The UN Population Fund (UNFPA) has partnered with Botswana’s ministry of health and wellness in a bid to end child marriages and gender based violence, an official said Saturday.
Boago Makatane, UNFPA’s program specialist, told an Action for Adolescent Girls workshop in Francistown, Botswana’s second largest city, that female genital mutilation must end in order to achieve transformative goals.
Latest statistics show that 1,644 children were found to be in marriage relationships while 3,748 were living in cohabitation in the southern African country, said Makatane.
“Sixty percent of the 1,644 were made of children aged between 12 and 15 years while the remainder is 16 to 17 year olds,” said Makatane, adding that of the 3,748 children who are cohabiting, 41 percent were 12 to 16 year olds while 59 percent were 16 to 17 year olds.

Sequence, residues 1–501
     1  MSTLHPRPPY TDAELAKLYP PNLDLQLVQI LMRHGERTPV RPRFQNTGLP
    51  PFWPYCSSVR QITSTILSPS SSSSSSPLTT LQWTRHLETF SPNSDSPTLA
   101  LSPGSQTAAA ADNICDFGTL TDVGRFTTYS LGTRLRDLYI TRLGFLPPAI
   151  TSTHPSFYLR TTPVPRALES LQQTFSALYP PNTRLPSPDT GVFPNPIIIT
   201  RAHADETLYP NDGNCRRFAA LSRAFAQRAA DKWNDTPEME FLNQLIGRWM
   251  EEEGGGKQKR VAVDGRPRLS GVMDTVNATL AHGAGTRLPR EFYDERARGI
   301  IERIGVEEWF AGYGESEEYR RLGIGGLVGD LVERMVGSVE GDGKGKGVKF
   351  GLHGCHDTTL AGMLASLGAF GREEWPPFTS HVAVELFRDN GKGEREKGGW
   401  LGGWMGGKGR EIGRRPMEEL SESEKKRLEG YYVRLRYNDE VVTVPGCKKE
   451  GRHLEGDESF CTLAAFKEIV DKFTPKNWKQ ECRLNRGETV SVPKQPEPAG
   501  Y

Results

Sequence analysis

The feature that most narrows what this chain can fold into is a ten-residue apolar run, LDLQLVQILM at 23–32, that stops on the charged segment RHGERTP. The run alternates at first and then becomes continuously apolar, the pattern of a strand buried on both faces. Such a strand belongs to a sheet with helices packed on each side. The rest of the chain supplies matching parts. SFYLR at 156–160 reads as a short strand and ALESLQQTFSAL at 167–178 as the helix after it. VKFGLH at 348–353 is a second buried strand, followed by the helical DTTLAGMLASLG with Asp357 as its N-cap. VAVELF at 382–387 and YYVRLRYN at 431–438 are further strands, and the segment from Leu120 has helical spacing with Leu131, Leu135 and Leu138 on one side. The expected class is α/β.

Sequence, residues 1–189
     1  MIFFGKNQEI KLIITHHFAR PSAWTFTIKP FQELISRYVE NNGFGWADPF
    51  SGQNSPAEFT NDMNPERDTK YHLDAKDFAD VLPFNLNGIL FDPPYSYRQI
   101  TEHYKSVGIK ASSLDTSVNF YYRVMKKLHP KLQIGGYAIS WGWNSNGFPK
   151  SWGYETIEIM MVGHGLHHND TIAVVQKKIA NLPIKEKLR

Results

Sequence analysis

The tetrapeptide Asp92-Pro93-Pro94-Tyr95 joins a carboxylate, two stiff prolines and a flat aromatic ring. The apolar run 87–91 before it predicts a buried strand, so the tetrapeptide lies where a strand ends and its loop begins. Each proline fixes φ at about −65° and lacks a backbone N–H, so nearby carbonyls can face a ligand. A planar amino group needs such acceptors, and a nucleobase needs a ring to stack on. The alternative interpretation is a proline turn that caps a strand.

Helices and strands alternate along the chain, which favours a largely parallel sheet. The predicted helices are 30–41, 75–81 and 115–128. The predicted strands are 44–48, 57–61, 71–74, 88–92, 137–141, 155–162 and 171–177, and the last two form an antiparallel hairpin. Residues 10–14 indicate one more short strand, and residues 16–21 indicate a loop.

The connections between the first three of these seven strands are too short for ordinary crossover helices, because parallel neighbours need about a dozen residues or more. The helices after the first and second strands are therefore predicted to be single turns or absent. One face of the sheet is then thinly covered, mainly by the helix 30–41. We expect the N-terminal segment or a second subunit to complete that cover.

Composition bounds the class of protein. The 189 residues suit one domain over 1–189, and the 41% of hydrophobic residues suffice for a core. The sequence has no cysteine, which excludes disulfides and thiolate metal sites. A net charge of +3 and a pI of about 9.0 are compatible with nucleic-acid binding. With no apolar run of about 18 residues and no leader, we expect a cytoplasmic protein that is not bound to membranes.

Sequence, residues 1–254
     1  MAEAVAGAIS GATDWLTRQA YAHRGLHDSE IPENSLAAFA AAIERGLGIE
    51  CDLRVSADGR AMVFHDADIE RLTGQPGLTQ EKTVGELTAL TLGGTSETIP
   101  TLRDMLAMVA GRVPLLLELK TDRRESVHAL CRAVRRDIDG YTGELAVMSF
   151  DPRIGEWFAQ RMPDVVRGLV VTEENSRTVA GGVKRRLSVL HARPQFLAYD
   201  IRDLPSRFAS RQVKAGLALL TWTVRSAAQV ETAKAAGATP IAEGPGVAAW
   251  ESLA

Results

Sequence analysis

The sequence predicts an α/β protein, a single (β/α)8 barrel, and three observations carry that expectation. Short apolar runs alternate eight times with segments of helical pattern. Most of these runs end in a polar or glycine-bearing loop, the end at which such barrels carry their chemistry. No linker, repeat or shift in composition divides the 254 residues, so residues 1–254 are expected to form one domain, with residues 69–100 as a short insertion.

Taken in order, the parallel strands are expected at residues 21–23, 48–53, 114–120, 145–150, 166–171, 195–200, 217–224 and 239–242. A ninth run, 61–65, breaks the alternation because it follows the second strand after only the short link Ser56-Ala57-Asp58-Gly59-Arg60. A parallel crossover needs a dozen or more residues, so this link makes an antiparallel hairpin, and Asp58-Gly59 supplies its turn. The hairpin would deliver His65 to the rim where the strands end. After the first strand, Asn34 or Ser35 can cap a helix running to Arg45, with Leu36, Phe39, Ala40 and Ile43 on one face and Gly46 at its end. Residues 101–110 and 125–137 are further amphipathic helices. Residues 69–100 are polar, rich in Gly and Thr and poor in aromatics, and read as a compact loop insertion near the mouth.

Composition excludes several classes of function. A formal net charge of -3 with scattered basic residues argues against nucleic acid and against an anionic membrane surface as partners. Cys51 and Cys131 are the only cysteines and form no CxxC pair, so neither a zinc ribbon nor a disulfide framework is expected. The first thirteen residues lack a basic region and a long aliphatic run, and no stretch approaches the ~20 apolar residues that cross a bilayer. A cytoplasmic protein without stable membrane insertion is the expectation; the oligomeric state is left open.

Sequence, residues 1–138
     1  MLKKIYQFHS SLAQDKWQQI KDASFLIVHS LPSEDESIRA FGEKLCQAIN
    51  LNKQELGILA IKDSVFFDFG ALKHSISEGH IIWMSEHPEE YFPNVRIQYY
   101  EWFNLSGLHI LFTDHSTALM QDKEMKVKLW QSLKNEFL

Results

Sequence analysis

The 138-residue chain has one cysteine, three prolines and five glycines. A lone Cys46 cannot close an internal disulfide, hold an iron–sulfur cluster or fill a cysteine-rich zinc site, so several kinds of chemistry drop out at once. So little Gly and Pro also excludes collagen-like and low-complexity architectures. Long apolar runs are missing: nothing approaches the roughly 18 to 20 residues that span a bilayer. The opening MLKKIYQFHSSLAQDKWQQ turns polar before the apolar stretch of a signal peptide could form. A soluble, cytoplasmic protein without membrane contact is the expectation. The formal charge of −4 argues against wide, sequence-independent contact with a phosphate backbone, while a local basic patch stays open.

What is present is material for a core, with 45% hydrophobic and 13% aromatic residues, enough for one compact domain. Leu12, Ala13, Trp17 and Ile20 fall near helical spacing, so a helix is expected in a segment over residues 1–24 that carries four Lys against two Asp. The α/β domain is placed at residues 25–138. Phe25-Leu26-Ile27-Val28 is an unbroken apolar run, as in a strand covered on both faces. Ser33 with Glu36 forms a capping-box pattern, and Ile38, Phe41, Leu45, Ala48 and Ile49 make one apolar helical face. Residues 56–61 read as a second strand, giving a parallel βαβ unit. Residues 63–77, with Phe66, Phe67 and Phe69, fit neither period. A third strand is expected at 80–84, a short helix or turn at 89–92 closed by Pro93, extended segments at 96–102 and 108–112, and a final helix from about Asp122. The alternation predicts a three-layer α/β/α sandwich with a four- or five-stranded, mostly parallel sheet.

He said both the age range for the married and cohabiting children are below the legal age of consent, which is 18 years old.
Early last year, Botswana passed a law to increase the age for legal age of consent from 16 to 18 years.
The law was expected to address incidences of defilement, abuse of children, abductions, indecent assault and kidnapping of children among others, Victor Paledi, the permanent secretary in the ministry of defense, justice and security, said.
Paledi said child marriage is a toxic product of poverty and gender inequality because girls in child marriages tend to be less educated and live in rural areas.
“Many impoverished parents believe that marriage will secure their daughters’ future by ensuring that another family will be responsible for their care. This is also true in humanitarian crises when many parents fear they will be unable to protect their daughters,” he said.
According to the UNFPA website, the global body conducts advocacy through working with policymakers and parliamentarians to enact laws against child marriages and to increase the minimum age at marriage to 18 for young women.